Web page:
Read Caroline’s Jeep Avenger review for everything you need to know about buying Jeep’s new small SUV in Ireland.

Jeep is one of the world’s most iconic car brands, famous for building tough off-road vehicles and the legendary Willys Jeep.

These days most Jeeps are more likely to find themselves on terra firma. But the lasting impression of Jeep’s off-road expertise and iconic styling is what makes the brand stand out. You could say Jeep was building SUVs before the world knew what an SUV was.

Yet the years have not been so kind to Jeep. In the Irish market at least it’s failed to capitalise on the appetite for SUVs that’s seen sales of vehicles like the Kia Sportage, Nissan Qashqai and Hyundai Tucson rocket.

Until now. Because with the Avenger, Jeep has a car that feels like one of its best yet.

Let’s take a closer look.

The Jeep Avenger on test for Changing Lanes
The Jeep Avenger on test for Changing Lanes

What’s so special about the Jeep Avenger?

Styled as a small SUV, the Avenger packages all the familiar Jeep design cues into something very good indeed. If you admire the rugged, chunky looks of the Jeep Compass and Renegade, but fancy something more modern and electric, then the Avenger is beckoning you down to your local Jeep showroom.

Priced from €35,995, the Avenger comes to market in Ireland powered by a 54kWh battery. It has an official range of up to about 400 kilometres on a single battery charge. Petrol versions are likely to arrive later.

That puts it squarely up against the likes of the Peugeot 2008 and Opel Mokka, which it shares quite a lot with, including the battery and underpinnings. But there’s also a whole host of other small crossovers and SUVs to conquer like the Ford Puma, Hyundai Kona, Toyota Yaris Cross and the Volkswagen T-Cross.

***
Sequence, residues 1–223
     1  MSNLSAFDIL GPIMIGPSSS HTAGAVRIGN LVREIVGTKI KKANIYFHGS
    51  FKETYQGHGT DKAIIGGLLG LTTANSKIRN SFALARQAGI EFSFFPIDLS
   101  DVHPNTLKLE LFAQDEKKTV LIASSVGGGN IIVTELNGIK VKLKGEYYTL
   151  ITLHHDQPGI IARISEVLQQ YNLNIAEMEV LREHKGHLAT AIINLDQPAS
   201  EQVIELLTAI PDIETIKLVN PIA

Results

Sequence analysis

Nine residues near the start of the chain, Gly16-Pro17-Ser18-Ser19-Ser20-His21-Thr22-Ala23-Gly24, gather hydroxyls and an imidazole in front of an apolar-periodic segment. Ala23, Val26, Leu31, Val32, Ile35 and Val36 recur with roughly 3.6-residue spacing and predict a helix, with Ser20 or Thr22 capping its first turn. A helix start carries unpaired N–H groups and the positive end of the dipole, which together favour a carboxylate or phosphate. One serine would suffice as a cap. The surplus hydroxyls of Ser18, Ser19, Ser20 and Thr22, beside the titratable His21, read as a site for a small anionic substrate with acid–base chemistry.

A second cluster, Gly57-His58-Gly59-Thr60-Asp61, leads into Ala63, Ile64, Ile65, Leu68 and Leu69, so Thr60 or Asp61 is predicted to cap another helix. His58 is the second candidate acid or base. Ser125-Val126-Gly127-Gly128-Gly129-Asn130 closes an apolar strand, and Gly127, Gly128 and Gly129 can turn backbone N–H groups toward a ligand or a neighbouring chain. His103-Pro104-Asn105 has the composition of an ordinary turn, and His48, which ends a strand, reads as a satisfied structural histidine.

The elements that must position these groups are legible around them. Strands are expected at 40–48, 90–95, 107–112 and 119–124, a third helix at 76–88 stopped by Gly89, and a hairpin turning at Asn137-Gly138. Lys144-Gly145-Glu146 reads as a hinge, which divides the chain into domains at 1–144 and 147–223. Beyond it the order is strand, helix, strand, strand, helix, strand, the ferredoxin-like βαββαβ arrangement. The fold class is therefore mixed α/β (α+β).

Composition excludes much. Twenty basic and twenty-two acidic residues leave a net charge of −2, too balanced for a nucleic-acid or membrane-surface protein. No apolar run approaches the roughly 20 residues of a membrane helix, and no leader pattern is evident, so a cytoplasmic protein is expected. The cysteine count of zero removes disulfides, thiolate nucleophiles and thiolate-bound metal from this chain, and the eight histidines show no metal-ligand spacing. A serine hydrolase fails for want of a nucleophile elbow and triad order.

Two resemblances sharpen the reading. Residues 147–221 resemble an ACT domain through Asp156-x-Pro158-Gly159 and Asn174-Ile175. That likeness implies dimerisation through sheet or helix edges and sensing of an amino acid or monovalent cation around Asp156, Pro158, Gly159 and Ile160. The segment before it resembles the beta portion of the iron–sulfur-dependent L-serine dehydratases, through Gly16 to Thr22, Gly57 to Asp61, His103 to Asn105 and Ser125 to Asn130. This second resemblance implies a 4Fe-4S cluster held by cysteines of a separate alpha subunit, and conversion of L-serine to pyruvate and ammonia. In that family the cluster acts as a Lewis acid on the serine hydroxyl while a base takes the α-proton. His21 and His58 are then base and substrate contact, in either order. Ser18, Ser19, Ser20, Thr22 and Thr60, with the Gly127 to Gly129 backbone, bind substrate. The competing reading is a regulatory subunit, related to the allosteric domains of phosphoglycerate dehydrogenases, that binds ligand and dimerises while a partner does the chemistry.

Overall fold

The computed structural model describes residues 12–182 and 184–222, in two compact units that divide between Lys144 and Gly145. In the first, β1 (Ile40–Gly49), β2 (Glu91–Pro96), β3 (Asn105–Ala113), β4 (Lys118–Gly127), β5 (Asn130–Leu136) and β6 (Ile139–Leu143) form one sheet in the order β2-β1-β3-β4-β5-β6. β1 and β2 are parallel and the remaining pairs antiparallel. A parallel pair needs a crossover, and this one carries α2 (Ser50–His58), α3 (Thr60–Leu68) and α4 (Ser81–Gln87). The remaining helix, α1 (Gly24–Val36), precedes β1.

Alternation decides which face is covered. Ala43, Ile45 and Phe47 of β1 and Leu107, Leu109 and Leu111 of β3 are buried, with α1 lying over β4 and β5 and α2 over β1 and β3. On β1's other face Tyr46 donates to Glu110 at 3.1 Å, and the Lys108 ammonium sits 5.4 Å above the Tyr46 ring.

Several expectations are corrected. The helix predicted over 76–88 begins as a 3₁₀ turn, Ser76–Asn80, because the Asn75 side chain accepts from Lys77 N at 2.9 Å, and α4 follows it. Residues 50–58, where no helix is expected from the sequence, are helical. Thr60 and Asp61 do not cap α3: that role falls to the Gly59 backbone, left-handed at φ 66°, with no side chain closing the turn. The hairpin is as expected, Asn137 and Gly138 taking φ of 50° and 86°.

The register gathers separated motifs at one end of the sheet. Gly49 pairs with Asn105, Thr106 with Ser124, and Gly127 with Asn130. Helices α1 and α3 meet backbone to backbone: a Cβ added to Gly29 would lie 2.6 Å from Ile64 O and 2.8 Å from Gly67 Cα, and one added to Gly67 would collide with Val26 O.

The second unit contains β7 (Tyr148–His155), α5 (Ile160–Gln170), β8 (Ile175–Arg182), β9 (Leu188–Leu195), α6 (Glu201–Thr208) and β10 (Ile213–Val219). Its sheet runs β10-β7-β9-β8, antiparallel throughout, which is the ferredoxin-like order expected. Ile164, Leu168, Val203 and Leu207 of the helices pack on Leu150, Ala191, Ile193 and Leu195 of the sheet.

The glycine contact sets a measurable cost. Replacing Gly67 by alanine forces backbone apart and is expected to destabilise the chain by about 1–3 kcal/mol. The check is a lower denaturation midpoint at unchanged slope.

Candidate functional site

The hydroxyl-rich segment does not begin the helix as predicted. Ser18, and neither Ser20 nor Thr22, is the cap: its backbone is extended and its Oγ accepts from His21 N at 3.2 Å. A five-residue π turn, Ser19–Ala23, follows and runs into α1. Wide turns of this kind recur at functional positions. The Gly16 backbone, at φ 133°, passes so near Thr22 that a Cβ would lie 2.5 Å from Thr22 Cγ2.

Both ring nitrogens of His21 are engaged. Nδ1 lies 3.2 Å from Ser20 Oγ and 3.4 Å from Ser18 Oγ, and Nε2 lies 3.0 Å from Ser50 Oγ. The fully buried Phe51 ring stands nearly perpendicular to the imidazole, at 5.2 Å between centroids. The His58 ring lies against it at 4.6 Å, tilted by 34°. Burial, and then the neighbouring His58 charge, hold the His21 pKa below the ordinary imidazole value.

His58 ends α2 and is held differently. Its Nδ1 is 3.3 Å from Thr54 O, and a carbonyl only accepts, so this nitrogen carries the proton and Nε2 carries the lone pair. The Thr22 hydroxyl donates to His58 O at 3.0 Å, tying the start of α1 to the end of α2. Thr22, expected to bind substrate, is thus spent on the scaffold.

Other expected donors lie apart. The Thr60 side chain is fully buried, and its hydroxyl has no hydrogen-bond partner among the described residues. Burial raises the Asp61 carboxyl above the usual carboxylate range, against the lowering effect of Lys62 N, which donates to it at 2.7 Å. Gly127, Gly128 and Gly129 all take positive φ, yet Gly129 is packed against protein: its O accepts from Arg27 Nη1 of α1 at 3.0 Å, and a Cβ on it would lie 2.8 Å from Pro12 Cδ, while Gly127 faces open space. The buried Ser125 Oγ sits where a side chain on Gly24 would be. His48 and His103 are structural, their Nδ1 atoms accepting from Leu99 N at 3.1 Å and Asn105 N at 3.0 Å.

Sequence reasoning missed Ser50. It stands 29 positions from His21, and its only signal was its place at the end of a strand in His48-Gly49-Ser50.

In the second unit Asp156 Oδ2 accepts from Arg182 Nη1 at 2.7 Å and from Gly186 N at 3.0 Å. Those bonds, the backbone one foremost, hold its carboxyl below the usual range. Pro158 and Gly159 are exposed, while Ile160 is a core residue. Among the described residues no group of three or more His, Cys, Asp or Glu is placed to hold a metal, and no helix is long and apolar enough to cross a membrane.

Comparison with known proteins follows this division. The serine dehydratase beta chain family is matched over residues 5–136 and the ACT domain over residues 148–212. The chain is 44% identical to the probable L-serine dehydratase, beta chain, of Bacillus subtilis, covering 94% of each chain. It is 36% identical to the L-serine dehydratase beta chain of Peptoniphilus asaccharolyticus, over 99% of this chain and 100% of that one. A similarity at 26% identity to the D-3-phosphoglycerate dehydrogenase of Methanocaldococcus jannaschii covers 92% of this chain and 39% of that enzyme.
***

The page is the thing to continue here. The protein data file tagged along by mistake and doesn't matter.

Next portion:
But if you fall for the diminutive Jeep, that will be it and there’s plenty to like about it. At the front, it gets Jeep’s famous seven-slot grille, which somehow makes it look more authentic than any of its rivals. Clever features include slightly recessed headlights and plenty of plastic cladding to protect the paintwork from bumps and scrapes in the urban jungle.

The interior of the new Avenger
The interior of the new Avenger

16-inch alloy wheels come as standard on the entry level Longitude model (from €35,995). There’s 17-inch on the mid-level Altitude (from €39,495) and 18-inch diamond cut on the top spec Summit (from €42,495).

Inside the Avenger

The cabin feels cool and contemporary, with a 10-inch touchscreen as standard with wireless Apple CarPlay and Android Auto, as well as voice control that responds to ‘Hey Jeep’. It is quite minimalist in its design but there are shortcut buttons under the touchscreen to adjust the fan speed and temperature, for example.

There is quite a lot of black hard plastic used in the doors and the dashboard, which is a little drab and uninspiring for a car that looks so cool from the outside. If you go for the mid-level Altitude model, there’s a silver finished dashboard panel. Opt for the Summit model and this is painted the same colour as the car, which goes some way to brighten the atmosphere.

The Avenger has a lot of storage space up front for a small car including a large cubby where you might traditionally find a gear selector (this is done by a simple row of buttons instead).

The seats of the Altitude model are finished half fabric/half vinyl, but there is the option to upgrade to black leather.

The Avenger looks brilliant with all its classic Jeep design cues
The Avenger looks brilliant with all its classic Jeep design cues

Standard equipment includes automatic climate control, keyless start, cruise control, drive modes and a hill descent control. Altitude adds features such as wireless smartphone charging and a reversing camera. But for heated seats, you have to go for the Summit model!